THE case study you are about to read is a consolidated version of five father-son conflicts that my office, W+B Advisory, resolved in the last quarter of 2016.

The families are dispersed in different parts of Asia but with almost similar dynamics.

For family business consultants helping to untangle this form of complicated relationship, the article is not meant to provide solutions but gives family members a better understanding of the trigger or pain points or to put it mildly, the sources of conflict.

In my years of coaching family businesses, there is really no hard and fast rule nor a one-size-fits all solution. Each family conflict is unique and complex and my singular purpose in writing this sensitive topic is to enable families to act with dispatch when confronted with conflict situations.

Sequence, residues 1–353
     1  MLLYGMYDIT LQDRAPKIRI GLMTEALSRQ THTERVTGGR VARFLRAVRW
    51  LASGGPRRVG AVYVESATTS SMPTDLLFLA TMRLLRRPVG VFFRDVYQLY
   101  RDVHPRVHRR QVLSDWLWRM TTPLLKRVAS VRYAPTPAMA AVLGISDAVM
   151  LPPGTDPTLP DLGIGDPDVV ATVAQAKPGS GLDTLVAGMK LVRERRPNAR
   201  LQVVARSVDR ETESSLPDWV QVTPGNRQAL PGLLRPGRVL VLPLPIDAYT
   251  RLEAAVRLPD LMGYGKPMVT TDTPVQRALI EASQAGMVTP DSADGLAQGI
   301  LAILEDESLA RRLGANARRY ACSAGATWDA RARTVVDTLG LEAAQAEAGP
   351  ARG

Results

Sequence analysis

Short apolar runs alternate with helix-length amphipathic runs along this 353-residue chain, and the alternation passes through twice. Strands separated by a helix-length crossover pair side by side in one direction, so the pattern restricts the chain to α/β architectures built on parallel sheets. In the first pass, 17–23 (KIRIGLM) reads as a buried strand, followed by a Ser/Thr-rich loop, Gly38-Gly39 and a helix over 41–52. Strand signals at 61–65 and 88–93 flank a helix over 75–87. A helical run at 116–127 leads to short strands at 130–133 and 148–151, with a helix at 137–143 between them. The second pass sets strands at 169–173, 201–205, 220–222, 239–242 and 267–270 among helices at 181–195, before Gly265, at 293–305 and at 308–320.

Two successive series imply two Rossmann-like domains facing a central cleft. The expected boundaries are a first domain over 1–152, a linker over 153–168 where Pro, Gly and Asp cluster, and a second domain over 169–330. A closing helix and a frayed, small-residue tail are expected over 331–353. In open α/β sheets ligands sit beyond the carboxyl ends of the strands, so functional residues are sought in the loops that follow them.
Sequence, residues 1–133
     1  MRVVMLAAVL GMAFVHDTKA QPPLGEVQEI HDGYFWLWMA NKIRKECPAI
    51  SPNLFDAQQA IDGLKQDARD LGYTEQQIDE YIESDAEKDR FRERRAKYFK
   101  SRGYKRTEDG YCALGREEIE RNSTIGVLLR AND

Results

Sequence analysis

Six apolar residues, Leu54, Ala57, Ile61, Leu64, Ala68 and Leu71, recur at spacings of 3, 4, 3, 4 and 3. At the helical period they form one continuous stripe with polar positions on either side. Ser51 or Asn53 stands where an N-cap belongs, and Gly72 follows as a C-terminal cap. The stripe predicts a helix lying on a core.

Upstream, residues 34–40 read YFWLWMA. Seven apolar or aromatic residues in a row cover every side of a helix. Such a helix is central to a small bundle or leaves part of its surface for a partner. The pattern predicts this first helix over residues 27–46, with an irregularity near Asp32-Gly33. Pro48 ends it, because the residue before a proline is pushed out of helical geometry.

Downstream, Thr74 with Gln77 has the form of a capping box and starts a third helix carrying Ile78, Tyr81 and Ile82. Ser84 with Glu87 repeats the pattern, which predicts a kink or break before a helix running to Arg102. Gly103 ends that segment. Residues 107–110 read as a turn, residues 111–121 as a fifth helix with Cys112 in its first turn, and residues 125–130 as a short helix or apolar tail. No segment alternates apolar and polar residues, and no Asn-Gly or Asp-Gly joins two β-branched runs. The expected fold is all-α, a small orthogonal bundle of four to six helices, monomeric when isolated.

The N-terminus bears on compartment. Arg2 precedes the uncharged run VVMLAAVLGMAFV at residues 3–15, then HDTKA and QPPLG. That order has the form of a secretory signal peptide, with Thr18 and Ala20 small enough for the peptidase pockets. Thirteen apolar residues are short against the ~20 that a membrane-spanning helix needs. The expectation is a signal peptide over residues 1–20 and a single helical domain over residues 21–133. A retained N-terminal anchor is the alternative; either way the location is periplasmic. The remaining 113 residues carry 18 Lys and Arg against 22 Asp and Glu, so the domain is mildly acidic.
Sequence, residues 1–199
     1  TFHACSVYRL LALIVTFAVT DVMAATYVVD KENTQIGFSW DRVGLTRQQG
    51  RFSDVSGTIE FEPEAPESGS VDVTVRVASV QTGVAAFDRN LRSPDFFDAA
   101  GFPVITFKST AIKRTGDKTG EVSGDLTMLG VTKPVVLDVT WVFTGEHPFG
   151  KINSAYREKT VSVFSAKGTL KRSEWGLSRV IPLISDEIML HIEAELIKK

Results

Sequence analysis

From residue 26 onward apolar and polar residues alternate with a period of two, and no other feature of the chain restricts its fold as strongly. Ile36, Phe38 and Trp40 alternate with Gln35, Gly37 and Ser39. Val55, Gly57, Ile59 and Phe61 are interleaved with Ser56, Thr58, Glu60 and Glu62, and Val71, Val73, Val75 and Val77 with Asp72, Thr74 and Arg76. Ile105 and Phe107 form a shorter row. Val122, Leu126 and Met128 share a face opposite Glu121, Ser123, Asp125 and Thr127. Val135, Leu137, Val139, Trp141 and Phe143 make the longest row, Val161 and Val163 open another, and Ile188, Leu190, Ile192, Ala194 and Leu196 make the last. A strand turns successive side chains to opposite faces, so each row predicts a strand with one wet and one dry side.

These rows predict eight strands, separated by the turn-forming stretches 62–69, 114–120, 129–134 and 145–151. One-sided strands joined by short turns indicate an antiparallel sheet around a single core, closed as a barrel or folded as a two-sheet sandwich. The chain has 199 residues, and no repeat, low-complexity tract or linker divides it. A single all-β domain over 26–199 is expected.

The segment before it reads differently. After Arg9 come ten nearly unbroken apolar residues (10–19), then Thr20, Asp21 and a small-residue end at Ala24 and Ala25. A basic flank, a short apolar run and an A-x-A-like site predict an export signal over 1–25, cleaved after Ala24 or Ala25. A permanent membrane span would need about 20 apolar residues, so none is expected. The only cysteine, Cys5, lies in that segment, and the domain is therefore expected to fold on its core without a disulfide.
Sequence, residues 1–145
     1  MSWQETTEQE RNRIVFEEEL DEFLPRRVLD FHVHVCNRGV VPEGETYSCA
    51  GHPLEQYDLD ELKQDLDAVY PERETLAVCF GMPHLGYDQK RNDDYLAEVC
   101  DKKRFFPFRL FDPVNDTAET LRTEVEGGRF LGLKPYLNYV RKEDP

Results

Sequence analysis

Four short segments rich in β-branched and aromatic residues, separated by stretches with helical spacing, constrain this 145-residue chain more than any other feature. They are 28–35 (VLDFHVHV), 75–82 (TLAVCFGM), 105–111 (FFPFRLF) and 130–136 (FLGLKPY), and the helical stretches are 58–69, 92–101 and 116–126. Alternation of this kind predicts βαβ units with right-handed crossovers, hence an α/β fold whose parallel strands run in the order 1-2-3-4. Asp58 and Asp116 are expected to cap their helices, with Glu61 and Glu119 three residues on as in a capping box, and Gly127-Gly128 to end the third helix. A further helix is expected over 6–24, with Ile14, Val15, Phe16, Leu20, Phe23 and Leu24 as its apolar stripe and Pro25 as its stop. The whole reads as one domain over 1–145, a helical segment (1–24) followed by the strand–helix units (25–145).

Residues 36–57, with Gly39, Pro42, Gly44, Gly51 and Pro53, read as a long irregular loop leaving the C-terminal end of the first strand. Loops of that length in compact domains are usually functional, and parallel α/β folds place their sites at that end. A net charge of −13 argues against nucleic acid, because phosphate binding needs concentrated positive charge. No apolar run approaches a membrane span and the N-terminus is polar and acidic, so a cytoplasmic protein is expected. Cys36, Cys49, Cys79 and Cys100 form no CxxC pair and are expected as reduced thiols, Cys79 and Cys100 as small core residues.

Growing number of father-son conflicts

Working with Asian families has afforded me a deeper understanding of the conflict. I have seen, heard and intervened in cases involving parents (mostly fathers) pitted against their children, siblings against siblings, cousins against cousins, family members against in-laws, children against half siblings/adopted children, etc.

I also want to sound the alarm bell: generational conflict involving founders and their children in the Philippines and overseas are growing in number. And to finally put this topic into perspective, this kind of conflict is worth sharing as:

a. It ranks very high in the number of advisory interventions I have had in the past decade.

b. The problems, though complex, are predictable and can be resolved.

c. The protagonists are emotional and defensive and can’t seem to find a middle ground.

d. The complex dynamic of fathers and sons (siblings) is as old as the world.

e. The survival of the enterprise and the unity of the family are at stake.

A story of conflict

Jonathan (not his real name) is a next generation appointed successor, having worked under the tutelage of his father for 19 years in a family-owned trading company.

The business was founded by his father through sheer hard luck.